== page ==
# Lesson 15: Quartiles and Interquartile Range

Let's look at other measures for describing distributions.

## 15.1: Notice and Wonder: Two Parties

Here are two dot plots including the mean marked with a triangle. Each shows the ages of partygoers at a party.

What do you notice and wonder about the distributions in the two dot plots?

## 15.2: The Five-Number Summary

Here are the ages of a group of the 20 partygoers you saw earlier, shown in order from least to greatest.

 7 8 9 10 10 11 12 15 16 20 20 22 23 24 28 30 33 35 38 42
1. Find and mark the median on the table, and label it “50th percentile.” The data is now partitioned into an upper half and a lower half.

2. Find and mark the middle value of the lower half of the data, excluding the median. If there is an even number of values, find and write down the average of the middle two. Label this value “25th percentile.”

3. Find and mark the middle value of the upper half of the data, excluding the median. If there is an even number of values, find and write down the average of the middle two. Label the value “75th percentile.”

4. You have now partitioned the data set into four pieces. Each of the three values that “cut” the data is called a quartile.

• The first (or lower) quartile is the 25th percentile mark. Write “Q1” next to “25th percentile.”
• The second quartile is the median. Write “Q2” next to that label.
• The third (or upper) quartile is the 75th percentile mark. Write “Q3” next to that label.
5. Label the least value in the set “minimum” and the greatest value “maximum.”

1. Record the five values that you have just identified. They are the five-number summary of the data.

Minimum: _____     Q1: _____     Q2: _____     Q3: _____     Maximum: _____

2. The median (or Q2) value of this data set is 20. This tells us that half of the partygoers are 20 or younger, and that the other half are 20 or older. What does each of the following values tell us about the ages of the partygoers?

1. Q3
2. Minimum
3. Maximum

## 15.3: Range and Interquartile Range

1. Here is a dot plot you saw in an earlier task. It shows how long Elena’s bus rides to school took, in minutes, over 12 days.

Write the five-number summary for this data set by finding the minimum, Q1, Q2, Q3, and the maximum. Show your reasoning.

2. The range of a data set is one way to describe the spread of values in a data set. It is the difference between the greatest and least data values. What is the range of Elena’s data?

3. Another number that is commonly used to describe the spread of values in a data set is the interquartile range (IQR), which is the difference between Q1, the lower quartile, and Q3, the upper quartile.

1. What is the interquartile range (IQR) of Elena’s data?

2. What fraction of the data values are between the lower and upper quartiles? Use your answer to complete the following statement:

The interquartile range (IQR) is the length that contains the middle ______ of the values in a data set.

4. Here are two dot plots that represent two data sets.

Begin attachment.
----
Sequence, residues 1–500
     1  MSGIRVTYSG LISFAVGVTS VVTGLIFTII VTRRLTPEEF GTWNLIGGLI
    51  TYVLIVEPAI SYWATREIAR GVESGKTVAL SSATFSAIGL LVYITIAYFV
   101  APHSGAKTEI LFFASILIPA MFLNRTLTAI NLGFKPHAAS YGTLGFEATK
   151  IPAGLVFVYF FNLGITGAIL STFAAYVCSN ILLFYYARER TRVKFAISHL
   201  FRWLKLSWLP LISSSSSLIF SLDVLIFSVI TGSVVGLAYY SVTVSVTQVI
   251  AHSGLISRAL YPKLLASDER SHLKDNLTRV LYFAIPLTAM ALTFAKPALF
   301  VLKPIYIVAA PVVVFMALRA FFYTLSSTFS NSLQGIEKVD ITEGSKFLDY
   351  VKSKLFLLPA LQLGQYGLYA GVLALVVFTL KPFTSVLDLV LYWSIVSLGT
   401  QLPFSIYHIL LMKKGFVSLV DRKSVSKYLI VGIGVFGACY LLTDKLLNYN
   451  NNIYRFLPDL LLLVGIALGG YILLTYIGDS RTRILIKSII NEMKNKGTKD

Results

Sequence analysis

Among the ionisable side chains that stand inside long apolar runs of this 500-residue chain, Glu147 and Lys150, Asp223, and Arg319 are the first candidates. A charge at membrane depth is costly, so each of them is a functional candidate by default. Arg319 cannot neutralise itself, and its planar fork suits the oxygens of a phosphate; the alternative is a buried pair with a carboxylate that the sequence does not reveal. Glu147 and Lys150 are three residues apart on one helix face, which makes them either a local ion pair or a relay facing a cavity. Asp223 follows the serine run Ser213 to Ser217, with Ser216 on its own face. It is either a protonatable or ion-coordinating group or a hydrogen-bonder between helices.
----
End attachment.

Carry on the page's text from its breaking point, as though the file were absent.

Without doing any calculations, predict:

a.  Which data set has the smaller IQR? Explain your reasoning.

b.  Which data set has the smaller range? Explain your reasoning.

1. Check your predictions by calculating the IQR and range for the data in each dot plot.

## Summary

Earlier we learned that the mean is a measure of the center of a distribution and the MAD is a measure of the variability (or spread) that goes with the mean. There is also a measure of spread that goes with the median called the interquartile range (IQR).

Finding the IQR involves partitioning a data set into fourths. Each of the three values that cut the data into fourths is called a quartile

• The median, which cuts the data into a lower half and an upper half, is the second quartile (Q2).
• The first quartile (Q1) is the middle value of the lower half of the data.
• The third quartile (Q3) is the middle value of the upper half of the data.

Here is a set of data with 11 values.

 12 19 20 21 22 33 34 35 40 40 49 Q1 Q2 Q3
• The median (Q2) is 33.
• The first quartile (Q1) is 20, the median of the numbers less than 33.
• The third quartile (Q3) is 40, the median of the numbers greater than 33.

The difference between the minimum and maximum values of a data set is the range.

The difference between Q1 and Q3 is the interquartile range (IQR). Because the distance between Q1 and Q3 includes the middle two-fourths of the distribution, the values between those two quartiles are sometimes called the middle half of the data

The bigger the IQR, the more spread out the middle half of the data are. The smaller the IQR, the closer the middle half of the data are. We consider the IQR a measure of spread for this reason.

A five-number summary, which includes the minimum, Q1, Q2, Q3, and the maximum, can be used to summarize a distribution.

The five numbers in this example are 12, 20, 33, 40, and 49. Their locations are marked with diamonds in the following dot plot.

Different data sets could have the same five-number summary. For instance, the following data has the same maximum, minimum, and quartiles as the one above.

## Glossary

range

#### range

The range of a data set is the difference between the maximum and the minimum.

interquartile range (IQR)

#### interquartile range (IQR)

The interquartile range of a data set is a measure of spread of its distribution. It is the difference between the third quartile (Q3) and the first quartile (Q1).

quartile

#### quartile

The quartiles for a data set are three numbers that divide the data set into fourths. The median divides the set into two halves, and the first quartile (Q1) is the median of the lower half. The second quartile (Q2) is the median itself, and the third quartile (Q3) is the median of the upper half.